Foundation for Rural & Regional Renewal
Investing in the long-term future of rural NSW communities
The Foundation for Rural & Regional Renewal (FRRR) has awarded $1,047,716 in grants to support 37 projects led by not-for-profit organisations (NFPs) across six rural communities in New South Wales, through the Investing in Rural Community Futures (IRCF) program.
The more than $1 million in grants is funded through FRRR’s partnerships with the Vincent Fairfax Family Foundation (VFFF) and The Snow Foundation, which are both committed in helping develop communities in rural and regional NSW.
IRCF is a place-based program that provides local NFPs and community sector organisations with practical support and funding so they can be stronger, more resilient, and fulfill their purpose with greater impact. The program encourages collaboration and community-led solutions that will seed the long-term self-sufficiency of these organisations.
In partnership with the Vincent Fairfax Family Foundation, FRRR launched the IRCF program in the regional NSW communities of Junee, Leeton and Nambucca Valley. Now in their second year of the five-year program, these communities are sharing a further $557,698 in Ongoing Partnership Grants.
Alli Mudford, IRCF Program Manager, said that these grants mark the start of the second phase of the IRCF program.
“The first phase was about bringing community-based organisations together to explore common needs and identify areas where they could collaborate, as well as identify what support they required as individual organisations. The kind of issues that emerged included the need for staff, organisational training and skills development, and investment in community and organisational infrastructure.
“This second phase of the program is about helping the organisations take action on these common areas of need with the support of these grants.
“For example, in Nambucca Valley, a key challenge is broad community engagement. We are supporting Nambucca Valley Youth Services and Mujaay Ganma Foundation to develop projects to help them engage more deeply with locals, particularly the young people of Nambucca Valley, by providing training and mentoring opportunities.
“In Junee and Leeton, for example, Junee Rhythm and Rail, Junee Senior Citizens and Leeton Show Society will use their funding to purchase equipment and refurbish community infrastructure that is used by a number of local not-for-profits,” said Ms Mudford.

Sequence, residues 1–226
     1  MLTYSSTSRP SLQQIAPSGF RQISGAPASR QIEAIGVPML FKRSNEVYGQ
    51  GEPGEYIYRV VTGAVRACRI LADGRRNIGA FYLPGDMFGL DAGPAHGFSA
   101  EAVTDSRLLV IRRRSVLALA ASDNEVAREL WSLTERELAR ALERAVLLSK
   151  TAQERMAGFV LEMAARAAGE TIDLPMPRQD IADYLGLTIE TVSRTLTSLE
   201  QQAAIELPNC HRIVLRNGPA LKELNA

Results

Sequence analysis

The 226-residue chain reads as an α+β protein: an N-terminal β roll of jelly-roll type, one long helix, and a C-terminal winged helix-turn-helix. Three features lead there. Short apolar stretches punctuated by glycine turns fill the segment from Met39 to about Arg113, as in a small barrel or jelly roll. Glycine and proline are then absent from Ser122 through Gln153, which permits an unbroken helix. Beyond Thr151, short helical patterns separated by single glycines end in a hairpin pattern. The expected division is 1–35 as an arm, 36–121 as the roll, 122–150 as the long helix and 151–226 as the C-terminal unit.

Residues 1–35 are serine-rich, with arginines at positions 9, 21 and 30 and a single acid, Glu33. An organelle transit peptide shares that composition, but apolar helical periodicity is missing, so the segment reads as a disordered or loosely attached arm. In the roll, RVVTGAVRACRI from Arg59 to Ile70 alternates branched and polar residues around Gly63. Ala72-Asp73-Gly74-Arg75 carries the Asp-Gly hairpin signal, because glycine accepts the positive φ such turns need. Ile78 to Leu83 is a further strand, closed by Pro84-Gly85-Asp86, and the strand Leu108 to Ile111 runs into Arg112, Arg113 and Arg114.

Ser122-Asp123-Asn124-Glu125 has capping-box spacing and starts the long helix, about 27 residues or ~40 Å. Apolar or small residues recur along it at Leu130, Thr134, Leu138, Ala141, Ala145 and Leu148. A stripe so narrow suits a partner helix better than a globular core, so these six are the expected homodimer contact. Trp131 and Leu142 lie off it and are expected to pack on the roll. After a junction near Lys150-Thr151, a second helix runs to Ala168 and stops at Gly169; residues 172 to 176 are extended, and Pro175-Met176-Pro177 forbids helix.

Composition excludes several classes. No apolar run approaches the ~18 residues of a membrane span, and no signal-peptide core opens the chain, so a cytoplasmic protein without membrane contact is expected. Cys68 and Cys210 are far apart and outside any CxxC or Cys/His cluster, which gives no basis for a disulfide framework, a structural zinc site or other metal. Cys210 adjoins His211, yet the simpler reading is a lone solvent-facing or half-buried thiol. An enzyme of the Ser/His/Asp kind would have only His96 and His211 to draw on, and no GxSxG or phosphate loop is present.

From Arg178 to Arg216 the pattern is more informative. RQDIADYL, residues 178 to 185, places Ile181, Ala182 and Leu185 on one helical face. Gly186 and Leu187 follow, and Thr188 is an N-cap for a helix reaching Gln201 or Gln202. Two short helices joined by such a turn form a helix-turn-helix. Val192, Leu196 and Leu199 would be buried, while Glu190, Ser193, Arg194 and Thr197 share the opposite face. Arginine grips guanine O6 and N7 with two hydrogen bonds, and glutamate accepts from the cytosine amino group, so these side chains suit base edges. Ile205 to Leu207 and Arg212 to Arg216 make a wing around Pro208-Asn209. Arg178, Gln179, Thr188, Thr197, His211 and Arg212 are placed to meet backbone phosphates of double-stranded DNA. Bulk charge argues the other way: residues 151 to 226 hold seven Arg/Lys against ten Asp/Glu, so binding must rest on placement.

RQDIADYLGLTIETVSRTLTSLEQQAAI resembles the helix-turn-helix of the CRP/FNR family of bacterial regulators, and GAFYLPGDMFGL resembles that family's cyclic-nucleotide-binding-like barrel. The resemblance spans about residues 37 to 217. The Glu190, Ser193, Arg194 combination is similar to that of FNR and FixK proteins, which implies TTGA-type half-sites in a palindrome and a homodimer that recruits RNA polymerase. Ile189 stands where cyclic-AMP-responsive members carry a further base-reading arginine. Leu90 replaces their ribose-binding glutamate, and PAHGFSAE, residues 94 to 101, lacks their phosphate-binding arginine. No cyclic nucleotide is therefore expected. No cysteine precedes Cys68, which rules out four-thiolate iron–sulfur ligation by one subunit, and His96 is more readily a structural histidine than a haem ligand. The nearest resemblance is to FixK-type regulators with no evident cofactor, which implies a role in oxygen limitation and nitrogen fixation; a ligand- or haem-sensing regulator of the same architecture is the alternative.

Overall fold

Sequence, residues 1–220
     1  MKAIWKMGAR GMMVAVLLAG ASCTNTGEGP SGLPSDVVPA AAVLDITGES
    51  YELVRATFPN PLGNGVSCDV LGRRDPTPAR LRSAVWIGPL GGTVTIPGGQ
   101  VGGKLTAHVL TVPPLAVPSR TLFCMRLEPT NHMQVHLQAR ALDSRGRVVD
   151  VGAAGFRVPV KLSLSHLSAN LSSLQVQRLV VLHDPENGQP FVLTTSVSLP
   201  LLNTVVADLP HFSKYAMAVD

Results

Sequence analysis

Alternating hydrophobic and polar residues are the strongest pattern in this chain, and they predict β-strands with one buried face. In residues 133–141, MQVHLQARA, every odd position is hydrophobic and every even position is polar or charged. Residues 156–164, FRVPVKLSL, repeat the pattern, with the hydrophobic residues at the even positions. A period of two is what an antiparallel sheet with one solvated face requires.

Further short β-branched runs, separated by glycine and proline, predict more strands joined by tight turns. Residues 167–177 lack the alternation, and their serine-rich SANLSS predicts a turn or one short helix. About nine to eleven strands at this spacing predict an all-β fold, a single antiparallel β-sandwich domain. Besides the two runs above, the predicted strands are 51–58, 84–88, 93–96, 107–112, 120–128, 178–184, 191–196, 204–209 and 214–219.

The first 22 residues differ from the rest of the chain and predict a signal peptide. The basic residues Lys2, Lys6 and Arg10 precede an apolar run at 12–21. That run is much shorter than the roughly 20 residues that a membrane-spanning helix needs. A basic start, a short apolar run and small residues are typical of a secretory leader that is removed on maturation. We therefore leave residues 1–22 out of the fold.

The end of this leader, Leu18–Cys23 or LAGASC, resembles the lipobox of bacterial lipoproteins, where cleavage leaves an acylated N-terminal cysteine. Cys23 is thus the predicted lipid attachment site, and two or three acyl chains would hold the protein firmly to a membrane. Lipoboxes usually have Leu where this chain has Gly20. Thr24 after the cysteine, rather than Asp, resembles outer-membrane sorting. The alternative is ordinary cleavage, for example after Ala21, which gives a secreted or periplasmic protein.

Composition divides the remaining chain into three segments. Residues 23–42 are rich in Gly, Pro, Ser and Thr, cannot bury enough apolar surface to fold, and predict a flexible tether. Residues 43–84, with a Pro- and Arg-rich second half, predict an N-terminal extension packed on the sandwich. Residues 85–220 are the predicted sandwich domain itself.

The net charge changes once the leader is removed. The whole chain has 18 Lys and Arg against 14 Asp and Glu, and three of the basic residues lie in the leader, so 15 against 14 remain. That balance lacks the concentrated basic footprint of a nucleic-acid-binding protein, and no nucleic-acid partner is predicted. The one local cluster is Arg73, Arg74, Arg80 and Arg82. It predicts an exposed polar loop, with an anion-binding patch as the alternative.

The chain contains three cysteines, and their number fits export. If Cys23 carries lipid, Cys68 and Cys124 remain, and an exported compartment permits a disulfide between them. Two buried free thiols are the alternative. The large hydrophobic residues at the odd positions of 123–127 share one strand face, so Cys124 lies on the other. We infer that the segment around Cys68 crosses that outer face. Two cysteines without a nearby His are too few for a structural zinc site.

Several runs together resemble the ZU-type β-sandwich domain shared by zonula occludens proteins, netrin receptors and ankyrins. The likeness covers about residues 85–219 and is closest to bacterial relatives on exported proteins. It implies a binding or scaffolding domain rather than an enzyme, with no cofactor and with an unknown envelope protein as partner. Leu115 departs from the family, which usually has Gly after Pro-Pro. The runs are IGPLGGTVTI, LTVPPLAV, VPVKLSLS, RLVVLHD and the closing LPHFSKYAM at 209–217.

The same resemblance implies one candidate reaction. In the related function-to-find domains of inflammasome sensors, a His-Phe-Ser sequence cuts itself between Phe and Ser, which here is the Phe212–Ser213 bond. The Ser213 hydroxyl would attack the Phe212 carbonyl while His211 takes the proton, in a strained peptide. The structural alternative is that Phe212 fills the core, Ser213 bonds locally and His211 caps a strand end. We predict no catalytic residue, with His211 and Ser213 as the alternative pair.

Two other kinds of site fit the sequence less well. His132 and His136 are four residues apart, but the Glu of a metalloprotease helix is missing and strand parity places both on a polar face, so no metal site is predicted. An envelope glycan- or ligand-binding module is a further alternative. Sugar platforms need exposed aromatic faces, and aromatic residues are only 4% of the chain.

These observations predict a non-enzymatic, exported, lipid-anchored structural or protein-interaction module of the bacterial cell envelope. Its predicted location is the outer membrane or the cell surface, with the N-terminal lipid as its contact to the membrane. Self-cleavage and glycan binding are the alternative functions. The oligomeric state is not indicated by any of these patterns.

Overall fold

Some of the other projects funded through these IRCF Ongoing Partnership Grants include:
- Junee Community Power received $15,000 to alleviate energy poverty for the community by installing solar power to the Junee Senior Citizens Hall. This will be the start a bigger initiative for Junee not-for-profits and community power.
- Leeton Connect received $90,000 to support Leeton not-for-profits by employing a coordinator to deliver training and development.
- Jaanymili Bawrungga in Nambucca Valley received $30,290 to develop a strategic plan to assist with operational objectives and create cultural economic sustainability with the support of a consultant.
A full list of IRCF Ongoing Partnership Grants recipients and their projects are below.
FRRR staff will continue to walk alongside these three communities, working with them to implement their community roadmap. Nambucca Valley has seen a strong demand for funding with the first tranche allocated to projects that will be managed in line with the region’s overall allocation for the life of the program. Further grants will be awarded in Leeton and Junee later in the year.
Program now rolling out on South Coast
In April 2020, FRRR and The Snow Foundation partnered with the commitment to increase their ongoing support of South Coast communities and to expand the IRCF program into Bateman’s Bay, Nowra and Ulladulla. As part of the program launch, these communities are sharing in $490,018 in Start-Up Grants.
Kate Dezarnaulds, IRCF Coordinator for Shoalhaven, said last summer’s bushfires and now COVID-19 have had a direct impact on the energy, capability, and resources of these largely volunteer-run NFPs.
“These Start-Up Grants will provide a range of dynamic grassroots organisations with funding for projects that will strengthen them and increase their capacity to support the recovery and renewal of their communities, which have been so clearly impacted by these disasters.
“For example, community organisations such as Shoalhaven Health & Arts and Milton Ulladulla Business Chamber are looking at ways to better connect with their community through improved digital infrastructure.
“Other groups, like Shoalhaven Community Preschool, Ulladulla and Districts Community Resources Centre, and the Southcoast Health and Sustainability Alliance, are using their grants to improve governance and provide tailored training and mentoring opportunities for staff and volunteers. These are the kind of projects that struggle to find funding outside of the Investing in Rural Community Futures program, but they make a real difference to the viability and resilience of the not-for-profit sector in the region,” said Ms Dezarnaulds.
Some of the other projects funded through these IRCF Start-Up Grants include:
- The Family Place in the Batemans Bay area received $40,785 to develop a 5-year strategic plan that supports the urgent need to adapt to Telehealth to continue to provide services during COVID-19.
- The Shoalhaven Women’s Resource Group in Nowra received $18,810 to work with a consultant to develop a new fundraising strategy that focuses on the launch of a social enterprise to provide a first employment opportunity for the women they support who are exiting prison.